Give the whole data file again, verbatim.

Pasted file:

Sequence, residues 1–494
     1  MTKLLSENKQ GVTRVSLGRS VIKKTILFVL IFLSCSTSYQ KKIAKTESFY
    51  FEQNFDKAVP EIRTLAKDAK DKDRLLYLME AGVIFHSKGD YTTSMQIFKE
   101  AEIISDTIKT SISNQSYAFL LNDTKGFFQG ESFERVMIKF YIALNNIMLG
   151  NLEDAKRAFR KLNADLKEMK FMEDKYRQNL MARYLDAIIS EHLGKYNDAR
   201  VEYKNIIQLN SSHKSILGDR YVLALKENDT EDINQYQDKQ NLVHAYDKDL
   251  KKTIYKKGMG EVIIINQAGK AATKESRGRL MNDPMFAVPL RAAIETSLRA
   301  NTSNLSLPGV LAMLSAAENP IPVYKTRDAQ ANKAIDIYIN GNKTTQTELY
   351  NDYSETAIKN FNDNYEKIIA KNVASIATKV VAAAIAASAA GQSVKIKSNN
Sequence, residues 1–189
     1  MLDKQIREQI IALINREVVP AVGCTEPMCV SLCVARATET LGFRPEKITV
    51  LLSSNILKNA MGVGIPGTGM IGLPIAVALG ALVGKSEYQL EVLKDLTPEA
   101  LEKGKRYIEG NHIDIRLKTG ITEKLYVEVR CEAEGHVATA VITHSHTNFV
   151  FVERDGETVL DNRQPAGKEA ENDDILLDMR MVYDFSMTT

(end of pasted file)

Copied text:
Sequence, residues 1–494
     1  MTKLLSENKQ GVTRVSLGRS VIKKTILFVL IFLSCSTSYQ KKIAKTESFY
    51  FEQNFDKAVP EIRTLAKDAK DKDRLLYLME AGVIFHSKGD YTTSMQIFKE
   101  AEIISDTIKT SISNQSYAFL LNDTKGFFQG ESFERVMIKF YIALNNIMLG
   151  NLEDAKRAFR KLNADLKEMK FMEDKYRQNL MARYLDAIIS EHLGKYNDAR
   201  VEYKNIIQLN SSHKSILGDR YVLALKENDT EDINQYQDKQ NLVHAYDKDL
   251  KKTIYKKGMG EVIIINQAGK AATKESRGRL MNDPMFAVPL RAAIETSLRA
   301  NTSNLSLPGV LAMLSAAENP IPVYKTRDAQ ANKAIDIYIN GNKTTQTELY
   351  NDYSETAIKN FNDNYEKIIA KNVASIATKV VAAAIAASAA GQSVKIKSNN
Sequence, residues 1–189
     1  MLDKQIREQI IALINREVVP AVGCTEPMCV SLCVARATET LGFRPEKITV
    51  LLSSNILKNA MGVGIPGTGM IGLPIAVALG ALVGKSEYQL EVLKDLTPEA
   101  LEKGKRYIEG NHIDIRLKTG ITEKLYVEVR CEAEGHVATA VITHSHTNFV
   151  FVERDGETVL DNRQPAGKEA ENDDILLDMR MVYDFSMTT